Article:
Just bringing it to people’s attention that many cities in America recovering from the last ten years of financial struggle, such as Detroit, have put into effect guidelines for building green in their cities. Meaning new buildings must stick to those guidelines by implementing green building ideas into their roofs, interiors and parking lots. I applaud this effort, contributing in the small ways we all can, recycling, gardening organically and up-cycling everything possible to keep unnecessary garbage out of the trash bin. We must learn to be a more conservative nation and not so much a “throw away” nation.
I’ve noticed an increase in the articles on creating “green roofs” on buildings. The effect is more than astonishing, it provides a natural corridor for migrating birds in places, allows for the continued success of singing and mating of song birds and cools the buildings without resorting to the overuse of air conditioning. Costs money to air condition, just saying…Also, songbirds have declined rapidly in urban and forested areas because of one sad fact, people are noisy. Our heavy vehicles, our way of life and behavior, the use of stereo systems and outdoor sound systems, traffic noise, all of it combines to make it impossible for some species to hear mating calls, and so they don’t find mates. No mates, no eggs, no birds. But up in the air of a thirty story building it’s much more quiet I believe. It may be that small trees and bushes planted among other greenery such as ground covering Sedum plant mats could very well encourage our song birds to come back. It has already revived some pollinator populations in places. Pollination is important because without it, we won’t eat. Period. Nothing will get fertilized which means no cereal grains, no vegetables, no bushes, no plants, for 99.9 percent depend on pollinators to set their fruiting bodies, whether it be cereal grains, rice, or the ubiquitous Zucchini, or “Marrows” as the British call them. It is worth considering this practice when you are building a new home for yourself. Why not look into building a home for wildlife as well. Most are built of Sedum covered mats layed over a prepared roof and then left pretty much alone. These plants are drought tolerant, hardy in most places that freeze during the winter. They protect rooftops, give birds welcome relief, insulate from the heat and cold better than conventional roofs and cost about the same to install. Easy to maintain these types of roofs could give us much needed relief and provide a way to keep our carbon footprints smaller even with our larger houses. Even if the entire roof is not done, one could do half a sloping roof, leaving the other half to be conventional roofing material, or if it’s a multi roofed building, do two or three sections of roof, it cuts down on the heat lost in the winter, cools in the summer giving you relief from high air conditioning bills and helps the entire planet including birds and butterflies and bees and other pollinators, which are fast disappearing. Remember, no pollinators, no food. Intrepid rehabilitators have already brought back the Peregrine Falcon to nest in New York. Many green roofs there are thriving with birds and bees and butterflies. Just the ones we need.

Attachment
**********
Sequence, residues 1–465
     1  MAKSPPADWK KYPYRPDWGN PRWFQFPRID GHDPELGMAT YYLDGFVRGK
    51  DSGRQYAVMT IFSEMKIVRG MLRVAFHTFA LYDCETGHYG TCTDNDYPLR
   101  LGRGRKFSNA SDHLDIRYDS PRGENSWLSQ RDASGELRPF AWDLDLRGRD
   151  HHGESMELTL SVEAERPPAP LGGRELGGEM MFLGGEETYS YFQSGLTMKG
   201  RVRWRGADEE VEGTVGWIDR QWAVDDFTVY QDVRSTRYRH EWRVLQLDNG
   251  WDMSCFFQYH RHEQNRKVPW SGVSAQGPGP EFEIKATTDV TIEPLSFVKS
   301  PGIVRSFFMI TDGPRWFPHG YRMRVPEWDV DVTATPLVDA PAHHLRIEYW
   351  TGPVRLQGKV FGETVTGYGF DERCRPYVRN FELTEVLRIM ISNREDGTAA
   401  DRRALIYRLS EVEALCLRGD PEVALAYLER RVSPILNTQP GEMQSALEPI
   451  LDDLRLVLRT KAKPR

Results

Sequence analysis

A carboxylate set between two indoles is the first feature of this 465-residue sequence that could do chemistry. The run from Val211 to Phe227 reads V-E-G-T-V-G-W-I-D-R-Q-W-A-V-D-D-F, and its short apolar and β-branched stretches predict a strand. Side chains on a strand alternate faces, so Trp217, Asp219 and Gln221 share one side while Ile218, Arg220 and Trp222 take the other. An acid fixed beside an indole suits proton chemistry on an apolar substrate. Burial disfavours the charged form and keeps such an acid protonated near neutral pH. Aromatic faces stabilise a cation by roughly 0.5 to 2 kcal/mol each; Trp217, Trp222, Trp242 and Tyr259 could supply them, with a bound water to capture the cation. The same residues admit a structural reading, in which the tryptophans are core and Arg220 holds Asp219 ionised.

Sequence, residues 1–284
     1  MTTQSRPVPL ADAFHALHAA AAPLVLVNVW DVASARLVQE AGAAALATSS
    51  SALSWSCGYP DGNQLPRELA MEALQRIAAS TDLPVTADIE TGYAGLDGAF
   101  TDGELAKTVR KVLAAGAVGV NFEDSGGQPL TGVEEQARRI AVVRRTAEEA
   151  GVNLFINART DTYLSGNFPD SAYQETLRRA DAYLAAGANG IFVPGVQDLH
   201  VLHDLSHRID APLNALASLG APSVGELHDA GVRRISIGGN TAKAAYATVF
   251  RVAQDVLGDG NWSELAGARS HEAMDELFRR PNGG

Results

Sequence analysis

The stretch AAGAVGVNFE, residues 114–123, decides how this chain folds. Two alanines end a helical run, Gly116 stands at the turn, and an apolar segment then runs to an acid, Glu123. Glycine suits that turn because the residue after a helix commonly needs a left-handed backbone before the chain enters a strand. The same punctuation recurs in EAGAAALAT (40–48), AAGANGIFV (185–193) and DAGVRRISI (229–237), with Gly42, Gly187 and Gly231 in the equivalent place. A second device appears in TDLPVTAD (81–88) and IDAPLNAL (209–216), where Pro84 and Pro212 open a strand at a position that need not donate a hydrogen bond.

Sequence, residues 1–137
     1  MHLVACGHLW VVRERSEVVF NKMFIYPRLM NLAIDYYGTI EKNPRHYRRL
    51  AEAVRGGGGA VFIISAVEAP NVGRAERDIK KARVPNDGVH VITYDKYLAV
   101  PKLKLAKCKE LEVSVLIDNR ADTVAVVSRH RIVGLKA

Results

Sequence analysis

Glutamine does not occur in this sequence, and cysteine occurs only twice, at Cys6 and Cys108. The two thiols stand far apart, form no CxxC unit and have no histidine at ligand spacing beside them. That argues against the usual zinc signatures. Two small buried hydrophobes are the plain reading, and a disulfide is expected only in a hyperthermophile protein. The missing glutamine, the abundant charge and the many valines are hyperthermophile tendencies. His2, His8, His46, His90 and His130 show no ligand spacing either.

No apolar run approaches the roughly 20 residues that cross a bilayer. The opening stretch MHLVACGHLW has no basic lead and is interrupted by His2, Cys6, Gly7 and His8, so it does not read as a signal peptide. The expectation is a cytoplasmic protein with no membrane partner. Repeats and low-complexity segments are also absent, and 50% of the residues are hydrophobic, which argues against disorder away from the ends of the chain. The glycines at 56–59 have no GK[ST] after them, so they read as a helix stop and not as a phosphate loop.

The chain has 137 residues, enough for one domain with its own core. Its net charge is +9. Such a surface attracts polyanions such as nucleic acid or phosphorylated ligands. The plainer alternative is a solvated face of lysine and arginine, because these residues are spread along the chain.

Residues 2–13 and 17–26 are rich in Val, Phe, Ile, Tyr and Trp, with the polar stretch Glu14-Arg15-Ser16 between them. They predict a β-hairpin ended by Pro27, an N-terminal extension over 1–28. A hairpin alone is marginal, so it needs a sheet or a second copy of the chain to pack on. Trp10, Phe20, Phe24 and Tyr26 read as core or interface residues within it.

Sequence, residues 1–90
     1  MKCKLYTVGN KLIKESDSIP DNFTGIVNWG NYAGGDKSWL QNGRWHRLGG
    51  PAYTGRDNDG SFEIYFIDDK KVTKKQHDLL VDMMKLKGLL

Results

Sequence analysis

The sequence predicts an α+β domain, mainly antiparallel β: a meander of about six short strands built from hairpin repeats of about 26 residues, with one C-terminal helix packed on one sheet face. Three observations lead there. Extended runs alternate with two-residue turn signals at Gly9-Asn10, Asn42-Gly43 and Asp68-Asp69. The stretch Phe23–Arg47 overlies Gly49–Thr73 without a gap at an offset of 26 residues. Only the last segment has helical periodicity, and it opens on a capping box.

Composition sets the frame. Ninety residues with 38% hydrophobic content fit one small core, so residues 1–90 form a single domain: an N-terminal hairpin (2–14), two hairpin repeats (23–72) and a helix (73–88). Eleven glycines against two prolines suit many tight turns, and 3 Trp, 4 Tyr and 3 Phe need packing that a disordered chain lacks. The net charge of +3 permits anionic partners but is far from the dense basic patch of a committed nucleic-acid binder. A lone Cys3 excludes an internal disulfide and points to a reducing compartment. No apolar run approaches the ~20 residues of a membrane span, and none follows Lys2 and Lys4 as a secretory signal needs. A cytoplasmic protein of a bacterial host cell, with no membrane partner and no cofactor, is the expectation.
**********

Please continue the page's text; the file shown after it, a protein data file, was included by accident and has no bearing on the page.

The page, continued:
So I invite you reader to give it a thought, do some research, look up green roofs on the internet and see what you can find out. It would be a good project for your children to do with you.
Solar panels are another good way to help. Anything we can do to help our climate change now will save lives in the future, and perhaps one of those lives will be one of your children or grandchildren.
How do I help? I have a wonderful land lady who installed a low water toilet, I garden organically and attract as many birds, bees and butterflies as possible into my garden. Every year I have nesting birds, a balance of good and bad insects among my veggie patch and I conserve as much water as possible. Birds are always dropping me a feather or two to say thank you. Last week I found a hummingbird’s breast feather, so dark and iridescent, so very very tiny. I see it flit from one lavender bush to another and then on into the columbines and back. It’s always lovely to see the small ones, and they are so fast it’s unbelievable. Sometimes mistaken for large butterflies or moths, these little birds are hard working and generous creatures, giving us the benefit of pollinating our crops as they hunt for the nectar they need to stay alive. Birds also spread seeds they eat, encouraging the growth of “volunteer” plants in your garden, like the one in the picture above. It sprouted last year out of “nowhere”. I think it’s a Butterfly Bush but it is only a year old and hasn’t bloomed yet. Whatever it is the birds, or the squirrel, planted it because it is something they like to eat. So when you think you can’t do much in the way of helping to sustain the environment, or help the shrinking population of wildlife we truly need, think outside the box of your house, maybe go up and look at your roof, and while you are on the ladder look down at your garden, no matter how small, and see what kind of pollinator sustaining, flowering greenery you can add to the mix, along with wildlife and bird friendly seeding plants like Pyracantha, Virginia Creeper, their blue berries delightful to many species. Great as a vine, scarlet red in the fall for instant color. To keep it contained plant in a large pot in the ground and pull up the self seeding plantlets in the spring. Sometimes we should work as hard as our friends do…Blessings to you for reading and thank you for considering the alternatives to make our futures greener.